The tangent in my last post aside, what really struck me about the use of the descriptor “savant” in Quicksilver is that it doesn’t seem to be used today to describe “a learned person” or “scholar.” I wonder why not? Do we have better words to describe them?
The term “academic” is used quite a bit, and of course “scholar,” but they just don’t seem to me to have the same je ne sais quoi as “savant.” Maybe we just don’t have any savants of the non-idiot kind anymore? Maybe our society is structured in such a way that savants don’t, or can’t, develop or thrive.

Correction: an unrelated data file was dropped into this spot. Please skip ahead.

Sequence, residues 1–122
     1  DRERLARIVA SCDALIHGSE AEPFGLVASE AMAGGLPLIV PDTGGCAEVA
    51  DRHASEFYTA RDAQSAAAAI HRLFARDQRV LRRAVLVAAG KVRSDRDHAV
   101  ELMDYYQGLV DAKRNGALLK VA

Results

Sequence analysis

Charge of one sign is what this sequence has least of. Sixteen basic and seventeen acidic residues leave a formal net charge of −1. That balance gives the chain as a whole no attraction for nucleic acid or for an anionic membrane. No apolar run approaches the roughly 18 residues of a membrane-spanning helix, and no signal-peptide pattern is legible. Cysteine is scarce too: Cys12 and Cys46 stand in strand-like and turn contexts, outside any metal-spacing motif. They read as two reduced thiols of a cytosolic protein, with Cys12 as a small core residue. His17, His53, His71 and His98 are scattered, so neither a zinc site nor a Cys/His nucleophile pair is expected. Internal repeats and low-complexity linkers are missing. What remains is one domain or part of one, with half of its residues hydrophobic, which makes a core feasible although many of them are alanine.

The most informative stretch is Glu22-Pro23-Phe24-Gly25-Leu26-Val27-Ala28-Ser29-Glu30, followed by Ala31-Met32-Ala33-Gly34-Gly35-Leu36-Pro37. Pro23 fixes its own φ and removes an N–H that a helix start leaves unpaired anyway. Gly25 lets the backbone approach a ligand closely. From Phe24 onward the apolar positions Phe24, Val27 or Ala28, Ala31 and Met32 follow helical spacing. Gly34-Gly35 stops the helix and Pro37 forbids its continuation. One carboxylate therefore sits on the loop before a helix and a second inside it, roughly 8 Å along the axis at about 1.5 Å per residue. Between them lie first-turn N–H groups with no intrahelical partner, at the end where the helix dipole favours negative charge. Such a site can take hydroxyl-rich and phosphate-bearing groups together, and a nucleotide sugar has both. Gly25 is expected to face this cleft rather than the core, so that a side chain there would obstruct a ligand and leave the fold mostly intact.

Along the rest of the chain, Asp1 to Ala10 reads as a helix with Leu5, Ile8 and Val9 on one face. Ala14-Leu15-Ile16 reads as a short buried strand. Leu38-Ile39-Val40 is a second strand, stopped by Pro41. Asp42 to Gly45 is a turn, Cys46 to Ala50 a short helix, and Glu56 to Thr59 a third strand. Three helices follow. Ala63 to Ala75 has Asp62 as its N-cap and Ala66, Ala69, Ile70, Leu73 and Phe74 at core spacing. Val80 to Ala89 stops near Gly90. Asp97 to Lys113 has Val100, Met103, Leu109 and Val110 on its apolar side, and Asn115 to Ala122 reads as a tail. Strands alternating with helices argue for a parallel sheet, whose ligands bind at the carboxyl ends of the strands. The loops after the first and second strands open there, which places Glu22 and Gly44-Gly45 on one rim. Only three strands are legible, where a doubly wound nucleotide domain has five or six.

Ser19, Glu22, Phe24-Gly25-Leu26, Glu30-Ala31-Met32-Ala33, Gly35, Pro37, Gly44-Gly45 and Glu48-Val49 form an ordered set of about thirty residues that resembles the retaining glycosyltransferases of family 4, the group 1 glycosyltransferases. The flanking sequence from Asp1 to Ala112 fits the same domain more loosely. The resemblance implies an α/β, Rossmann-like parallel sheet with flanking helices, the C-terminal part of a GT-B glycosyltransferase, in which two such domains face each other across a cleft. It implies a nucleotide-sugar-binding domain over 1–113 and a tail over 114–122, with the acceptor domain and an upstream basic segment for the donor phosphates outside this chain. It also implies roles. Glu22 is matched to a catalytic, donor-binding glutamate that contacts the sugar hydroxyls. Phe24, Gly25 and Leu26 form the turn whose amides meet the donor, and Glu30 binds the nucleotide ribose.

Just imagine the intense drive and passion, not to mention patience, it must have taken for the Natural Philosophers of the 17th and 18th Centuries to figure things out, many times when everyone else was actively out to stop you because your ideas were counter to the prevailing wisdom. How many people do you know today who could do that? Could you? Dedicate your life to an idea that no one else thought was worth pursuing?
It is more likely, however, that savants still exist and in fact thrive. It’s just that most people are not aware of their existence, even though their contributions to our lives are everywhere. I imagine it was the same back then. And, in fact, it quite likely that most people today are not aware at all of the contributions of the great savants of history.